It was about what appeared to be a small movement in the workplace to ditch the traditional sit-down desk in favor of moving while working.
The centerpiece of the article, the “treadmill desk,” isn’t a piece of heavy-duty cardio equipment. You walk at a pace of only one to two miles an hour, so you shouldn’t be laboring for breath or having trouble typing while at your “walking workstation.”
The first official treadmill desk was introduced by Steelcase, an office furniture company, in 2007. It costs more than $4,000. Other manufacturers include TreadDesk, TrekDesk and Exerpeutic.
Dr. James Levine -- who specializes in “inactivity studies” -- helped design the original Steelcase model. Levine, the article tells us, began thinking about walking back in 1999, after he did a study at the Mayo Clinic.
The study looked at why some people gained weight while others didn’t, even when they ate the same amount (and presumably “exercised” the same amount too). The subjects were observed with what Levine refers to as “an atrocious amount of detail.”
A curious finding was made. The non-weight gainers did move more than the others, though in subtle ways. They fidgeted, jiggled their legs, paced, stood on the balls of their feet. All this quiet restlessness burned as much as 800 calories a day!
So the treadmill desk puts sedentary office workers into motion. Why that matters is beautifully captured in this passage about the harmful effects of sitting a lot.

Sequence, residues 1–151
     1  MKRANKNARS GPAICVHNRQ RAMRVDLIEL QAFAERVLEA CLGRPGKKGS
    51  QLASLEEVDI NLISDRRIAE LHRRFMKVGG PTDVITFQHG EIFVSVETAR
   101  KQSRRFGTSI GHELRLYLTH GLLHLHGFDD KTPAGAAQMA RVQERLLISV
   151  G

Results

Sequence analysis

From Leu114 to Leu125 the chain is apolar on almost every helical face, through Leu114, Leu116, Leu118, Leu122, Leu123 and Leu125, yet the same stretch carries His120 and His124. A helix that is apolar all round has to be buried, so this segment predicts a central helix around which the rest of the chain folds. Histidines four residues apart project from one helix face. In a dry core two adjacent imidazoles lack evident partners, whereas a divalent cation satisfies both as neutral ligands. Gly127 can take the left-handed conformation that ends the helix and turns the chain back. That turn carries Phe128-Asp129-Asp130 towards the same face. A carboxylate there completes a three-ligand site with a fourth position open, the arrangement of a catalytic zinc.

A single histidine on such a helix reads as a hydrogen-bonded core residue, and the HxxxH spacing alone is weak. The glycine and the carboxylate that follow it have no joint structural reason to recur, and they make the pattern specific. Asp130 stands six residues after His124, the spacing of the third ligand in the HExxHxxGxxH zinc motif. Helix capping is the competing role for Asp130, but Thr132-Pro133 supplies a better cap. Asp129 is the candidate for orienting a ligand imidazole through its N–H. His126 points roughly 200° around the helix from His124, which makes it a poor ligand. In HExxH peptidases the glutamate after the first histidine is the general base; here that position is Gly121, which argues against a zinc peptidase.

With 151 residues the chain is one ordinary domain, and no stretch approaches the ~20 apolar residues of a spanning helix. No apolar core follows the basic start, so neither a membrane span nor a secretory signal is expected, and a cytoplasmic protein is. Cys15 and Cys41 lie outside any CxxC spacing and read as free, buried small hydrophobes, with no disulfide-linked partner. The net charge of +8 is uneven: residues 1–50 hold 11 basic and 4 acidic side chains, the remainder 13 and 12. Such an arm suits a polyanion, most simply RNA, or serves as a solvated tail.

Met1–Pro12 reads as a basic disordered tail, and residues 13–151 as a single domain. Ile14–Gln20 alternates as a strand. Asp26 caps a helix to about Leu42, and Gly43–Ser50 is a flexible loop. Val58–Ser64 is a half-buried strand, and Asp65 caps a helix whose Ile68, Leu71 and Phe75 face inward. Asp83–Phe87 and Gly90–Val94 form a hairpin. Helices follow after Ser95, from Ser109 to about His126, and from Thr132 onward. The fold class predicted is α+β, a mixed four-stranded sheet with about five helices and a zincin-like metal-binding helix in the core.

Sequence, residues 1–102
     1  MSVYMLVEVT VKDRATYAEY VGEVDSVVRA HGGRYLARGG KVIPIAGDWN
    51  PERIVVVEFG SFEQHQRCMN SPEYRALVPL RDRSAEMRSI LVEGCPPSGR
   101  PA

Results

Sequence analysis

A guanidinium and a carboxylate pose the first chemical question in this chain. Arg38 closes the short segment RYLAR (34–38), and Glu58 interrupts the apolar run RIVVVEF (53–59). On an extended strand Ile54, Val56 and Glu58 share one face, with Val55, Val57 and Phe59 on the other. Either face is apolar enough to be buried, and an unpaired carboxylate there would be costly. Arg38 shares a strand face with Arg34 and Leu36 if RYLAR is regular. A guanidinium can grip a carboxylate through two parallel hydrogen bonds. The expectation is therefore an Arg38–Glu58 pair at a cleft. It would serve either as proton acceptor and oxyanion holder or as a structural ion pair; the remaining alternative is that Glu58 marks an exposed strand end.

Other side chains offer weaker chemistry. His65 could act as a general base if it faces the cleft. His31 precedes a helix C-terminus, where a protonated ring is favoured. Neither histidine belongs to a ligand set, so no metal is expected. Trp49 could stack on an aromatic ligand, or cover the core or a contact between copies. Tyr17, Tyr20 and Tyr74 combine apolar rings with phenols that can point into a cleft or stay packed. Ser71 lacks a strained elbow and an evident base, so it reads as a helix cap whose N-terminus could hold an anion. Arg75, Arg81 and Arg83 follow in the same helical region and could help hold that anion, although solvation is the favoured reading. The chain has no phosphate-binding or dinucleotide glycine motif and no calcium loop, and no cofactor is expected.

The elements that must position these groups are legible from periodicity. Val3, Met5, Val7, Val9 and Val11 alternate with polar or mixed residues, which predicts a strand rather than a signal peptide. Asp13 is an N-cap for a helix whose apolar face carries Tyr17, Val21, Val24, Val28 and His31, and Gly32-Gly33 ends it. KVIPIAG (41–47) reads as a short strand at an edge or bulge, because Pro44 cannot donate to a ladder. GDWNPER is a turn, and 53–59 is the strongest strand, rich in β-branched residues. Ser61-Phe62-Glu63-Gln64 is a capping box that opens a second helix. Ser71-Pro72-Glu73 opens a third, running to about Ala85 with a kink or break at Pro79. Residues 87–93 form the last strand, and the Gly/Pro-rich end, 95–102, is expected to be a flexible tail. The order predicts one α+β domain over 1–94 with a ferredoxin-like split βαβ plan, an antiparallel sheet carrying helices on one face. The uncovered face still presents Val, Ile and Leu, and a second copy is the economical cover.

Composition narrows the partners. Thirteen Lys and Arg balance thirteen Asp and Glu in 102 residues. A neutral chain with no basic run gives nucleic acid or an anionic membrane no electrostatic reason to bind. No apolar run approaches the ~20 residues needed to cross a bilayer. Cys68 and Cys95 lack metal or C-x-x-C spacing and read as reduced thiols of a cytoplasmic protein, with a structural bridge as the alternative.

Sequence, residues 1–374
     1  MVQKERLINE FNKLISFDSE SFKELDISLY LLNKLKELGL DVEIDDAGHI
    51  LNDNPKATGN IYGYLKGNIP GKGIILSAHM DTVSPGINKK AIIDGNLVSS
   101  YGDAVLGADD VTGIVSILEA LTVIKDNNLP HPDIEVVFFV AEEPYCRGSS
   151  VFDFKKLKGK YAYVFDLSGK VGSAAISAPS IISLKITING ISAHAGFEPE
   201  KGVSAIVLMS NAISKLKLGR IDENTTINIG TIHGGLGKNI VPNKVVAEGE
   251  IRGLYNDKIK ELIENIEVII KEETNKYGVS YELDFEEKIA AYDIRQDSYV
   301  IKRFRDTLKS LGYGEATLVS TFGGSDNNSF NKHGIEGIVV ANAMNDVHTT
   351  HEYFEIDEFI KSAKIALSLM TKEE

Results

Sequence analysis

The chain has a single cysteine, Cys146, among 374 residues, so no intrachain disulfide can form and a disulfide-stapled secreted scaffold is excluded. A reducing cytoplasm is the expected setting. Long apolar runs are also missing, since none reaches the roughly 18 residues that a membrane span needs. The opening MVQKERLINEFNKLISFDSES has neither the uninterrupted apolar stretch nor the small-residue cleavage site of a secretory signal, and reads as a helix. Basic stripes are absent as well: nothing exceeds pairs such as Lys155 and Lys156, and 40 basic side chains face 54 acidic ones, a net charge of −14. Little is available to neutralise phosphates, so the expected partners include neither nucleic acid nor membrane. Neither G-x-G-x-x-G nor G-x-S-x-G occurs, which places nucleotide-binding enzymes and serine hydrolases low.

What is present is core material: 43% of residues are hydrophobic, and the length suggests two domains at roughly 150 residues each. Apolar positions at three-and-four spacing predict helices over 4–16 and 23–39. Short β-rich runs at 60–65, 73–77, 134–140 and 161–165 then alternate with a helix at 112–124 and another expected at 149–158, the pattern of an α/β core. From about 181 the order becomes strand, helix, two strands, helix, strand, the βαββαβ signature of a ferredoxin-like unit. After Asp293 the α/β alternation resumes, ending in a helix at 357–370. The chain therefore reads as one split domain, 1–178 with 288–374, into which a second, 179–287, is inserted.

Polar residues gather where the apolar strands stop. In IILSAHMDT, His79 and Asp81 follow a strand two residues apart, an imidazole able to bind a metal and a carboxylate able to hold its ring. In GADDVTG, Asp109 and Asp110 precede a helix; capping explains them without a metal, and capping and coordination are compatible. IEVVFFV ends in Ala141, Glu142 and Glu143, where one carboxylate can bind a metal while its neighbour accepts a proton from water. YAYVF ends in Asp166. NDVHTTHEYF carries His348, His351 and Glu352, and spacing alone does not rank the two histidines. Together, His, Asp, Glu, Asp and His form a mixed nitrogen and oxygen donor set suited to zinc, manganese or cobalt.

Sitting puts muscles into a sort of hibernation, cutting off their electrical activity and shutting down the production of lipoprotein lipase, the enzyme that breaks down fat molecules in the blood. Your metabolic rate drops to about one calorie a minute -- just slightly higher than if you were dead. Sitting for more than two hours causes the presence of good cholesterol to drop, and, in time, insulin effectiveness plummets. This can lead to cardiovascular problems, certain kinds of cancer, depression, deep-vein thrombosis, and type-2 diabetes.I like the idea of the treadmill desk, partly because it’s easy motion. Easy motion, small steps, light loads on the joints -- all seem smart to me.
Now, is a treadmill desk a good idea if you have chronic knee pain?
Maybe, but I’m guessing probably not.
The desk may be a good idea to prevent chronic knee pain, but when you already have it, too much movement can overwhelm tender joints. I recall my own experience in Hong Kong when I realized that motion was critical to healing bad knee joints. I tried moving pretty much nonstop: shuffling along, walking for hours. And my knees got worse.
Still, I really like the idea of the treadmill desk. Get off your butt. Start moving. And meanwhile, get all the desk work done that you need to.
What’s not to like? And if the price tag is too daunting, the New Yorker tells us that a number of Web sites offer instructions on building your own model, using an ordinary treadmill and IKEA components or even milk crates and doors.